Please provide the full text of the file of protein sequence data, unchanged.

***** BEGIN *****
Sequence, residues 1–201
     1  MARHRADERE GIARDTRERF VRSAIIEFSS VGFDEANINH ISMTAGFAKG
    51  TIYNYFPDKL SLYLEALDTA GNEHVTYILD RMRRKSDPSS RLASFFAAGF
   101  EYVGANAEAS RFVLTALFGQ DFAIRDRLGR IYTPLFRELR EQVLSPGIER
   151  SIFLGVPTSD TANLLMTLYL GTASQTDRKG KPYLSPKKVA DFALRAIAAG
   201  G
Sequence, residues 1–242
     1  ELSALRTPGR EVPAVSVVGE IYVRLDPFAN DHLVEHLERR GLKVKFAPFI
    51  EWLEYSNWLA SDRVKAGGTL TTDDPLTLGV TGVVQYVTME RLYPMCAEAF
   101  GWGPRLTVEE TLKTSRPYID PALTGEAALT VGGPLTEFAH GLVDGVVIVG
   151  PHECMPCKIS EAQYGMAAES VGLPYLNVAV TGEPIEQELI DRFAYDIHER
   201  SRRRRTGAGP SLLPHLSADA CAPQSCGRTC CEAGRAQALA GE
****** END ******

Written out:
Sequence, residues 1–201
     1  MARHRADERE GIARDTRERF VRSAIIEFSS VGFDEANINH ISMTAGFAKG
    51  TIYNYFPDKL SLYLEALDTA GNEHVTYILD RMRRKSDPSS RLASFFAAGF
   101  EYVGANAEAS RFVLTALFGQ DFAIRDRLGR IYTPLFRELR EQVLSPGIER
   151  SIFLGVPTSD TANLLMTLYL GTASQTDRKG KPYLSPKKVA DFALRAIAAG
   201  G
Sequence, residues 1–242
     1  ELSALRTPGR EVPAVSVVGE IYVRLDPFAN DHLVEHLERR GLKVKFAPFI
    51  EWLEYSNWLA SDRVKAGGTL TTDDPLTLGV TGVVQYVTME RLYPMCAEAF
   101  GWGPRLTVEE TLKTSRPYID PALTGEAALT VGGPLTEFAH GLVDGVVIVG
   151  PHECMPCKIS EAQYGMAAES VGLPYLNVAV TGEPIEQELI DRFAYDIHER
   201  SRRRRTGAGP SLLPHLSADA CAPQSCGRTC CEAGRAQALA GE